If you live or travel in Africa these days, there’s a phrase you’ll hear a lot: this is Africa’s time. It’s an expression of a rising sense of optimism about the potential for the African economies. Within Africa and around the world, there’s hope that modern technologies and market-based systems will help to provide the boost that they need to become more successful.
IBM shares the optimism. It sees the potential to work alongside its clients and partners to play a leading role in Africa as it becomes a vibrant player in the global economy.
The company displayed its commitment to Africa today when it announced the opening of a new subsidiary in Dar es Salaam, Tanzania—a continuation of its geographic expansion on the African continent. This is the third subsidiary to be established this year, following those Ghana and Senegal. IBM now has employees in 20 African countries. More branch offices are coming.
IBM has long done business in Africa and launched an expansion three years ago, but a deal to provide mobile communications carrier Bharti Airtel with technology services in 16 African countries announced last September brought new focus and urgency to the company’s activities on the continent.
Expanding in Africa comes with a unique set of challenges, however. Before IBM can hope to sell a lot of products and services, it must aid in building the capacities of Africa’s people and institutions—including knowledge, technology infrastructure, business sophistication and governance.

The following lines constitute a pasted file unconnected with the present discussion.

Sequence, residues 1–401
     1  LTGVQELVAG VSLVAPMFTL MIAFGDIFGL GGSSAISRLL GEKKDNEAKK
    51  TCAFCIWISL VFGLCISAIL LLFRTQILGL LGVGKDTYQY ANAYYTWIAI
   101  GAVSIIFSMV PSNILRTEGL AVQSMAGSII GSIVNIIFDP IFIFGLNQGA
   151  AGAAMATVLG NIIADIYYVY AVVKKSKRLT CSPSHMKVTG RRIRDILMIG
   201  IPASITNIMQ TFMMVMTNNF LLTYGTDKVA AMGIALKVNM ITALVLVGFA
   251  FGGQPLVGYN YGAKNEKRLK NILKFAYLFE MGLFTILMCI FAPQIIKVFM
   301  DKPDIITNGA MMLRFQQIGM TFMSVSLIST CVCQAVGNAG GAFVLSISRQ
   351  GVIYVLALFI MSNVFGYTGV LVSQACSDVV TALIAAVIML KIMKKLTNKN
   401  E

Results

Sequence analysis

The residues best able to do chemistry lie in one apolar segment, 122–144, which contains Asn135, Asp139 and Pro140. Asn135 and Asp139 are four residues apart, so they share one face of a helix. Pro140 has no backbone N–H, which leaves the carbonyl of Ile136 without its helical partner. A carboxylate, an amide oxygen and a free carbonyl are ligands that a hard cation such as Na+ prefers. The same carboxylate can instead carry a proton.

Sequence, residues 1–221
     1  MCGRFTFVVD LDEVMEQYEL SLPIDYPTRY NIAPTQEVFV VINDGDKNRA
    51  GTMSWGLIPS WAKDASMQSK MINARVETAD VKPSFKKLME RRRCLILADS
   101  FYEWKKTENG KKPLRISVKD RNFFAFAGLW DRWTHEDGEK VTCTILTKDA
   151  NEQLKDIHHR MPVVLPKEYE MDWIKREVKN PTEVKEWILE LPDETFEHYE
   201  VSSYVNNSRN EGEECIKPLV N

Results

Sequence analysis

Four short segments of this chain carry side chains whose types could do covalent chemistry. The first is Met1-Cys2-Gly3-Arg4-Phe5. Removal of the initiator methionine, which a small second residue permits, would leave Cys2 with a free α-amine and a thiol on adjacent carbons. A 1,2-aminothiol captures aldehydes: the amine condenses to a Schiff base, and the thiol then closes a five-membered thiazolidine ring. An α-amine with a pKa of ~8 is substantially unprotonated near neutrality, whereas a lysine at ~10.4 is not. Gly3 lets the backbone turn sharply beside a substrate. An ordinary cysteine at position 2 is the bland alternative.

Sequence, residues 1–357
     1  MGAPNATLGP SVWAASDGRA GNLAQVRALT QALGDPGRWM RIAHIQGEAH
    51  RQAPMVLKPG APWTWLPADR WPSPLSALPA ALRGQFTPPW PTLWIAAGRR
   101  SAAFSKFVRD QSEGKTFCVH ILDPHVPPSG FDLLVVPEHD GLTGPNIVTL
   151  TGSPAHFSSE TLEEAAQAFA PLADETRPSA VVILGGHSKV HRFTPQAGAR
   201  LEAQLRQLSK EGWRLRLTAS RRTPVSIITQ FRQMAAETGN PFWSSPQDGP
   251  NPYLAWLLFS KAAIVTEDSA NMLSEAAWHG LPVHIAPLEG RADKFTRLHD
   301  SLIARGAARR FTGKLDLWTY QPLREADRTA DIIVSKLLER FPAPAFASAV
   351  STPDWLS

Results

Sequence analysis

This dedication by IBM to capacity building isn’t based on altruism. The company is convinced that there is enormous growth potential across the continent, but that potential won’t be realized unless the underlying physical, economic and societal infrastructures that permit markets to develop and endure are in place. Only through a patient, long-term approach will Africa become a substantial market for IBM’s products and services and an important source of employment talent.
Along side its day-to-day business of providing advanced technologies and services to clients in Africa, IBM has deployed an array of programs aimed at building economic capacity. They range from the employee volunteer program Corporate Service Corps, which is modeled on the U.S. Peace Corps, to university relations programs aimed at improving math and science education, and to scientific research collaborations designed to solve vexing problems that are of particular importance in a country or region. IBM will adapt these programs to fit Africa, and will invent new programs that are tuned to Africa’s challenges and opportunities. Indeed, IBM’s entire Smarter Planet agenda, embodied in an ever-expanding set of concepts and technology solutions, helps governments and businesses make complex man-made and natural systems function more effectively. IBM’s Smarter Planet vision is in line with the national agendas of many of the countries of Africa.
IBM understands that fundamental improvements won’t come quickly. Progress takes courage and determination and a long-term view. Also, progress won’t come unless the interests of citizens are taken into account. A dynamic economy requires the participation of many stakeholders.
In spite of the many challenges, IBM stands ready to be a partner in progress alongside African government, business and non-profit leaders—and the people of Africa.
To read an in-depth essay explaining IBM’s approach to doing business in Africa, click on this link.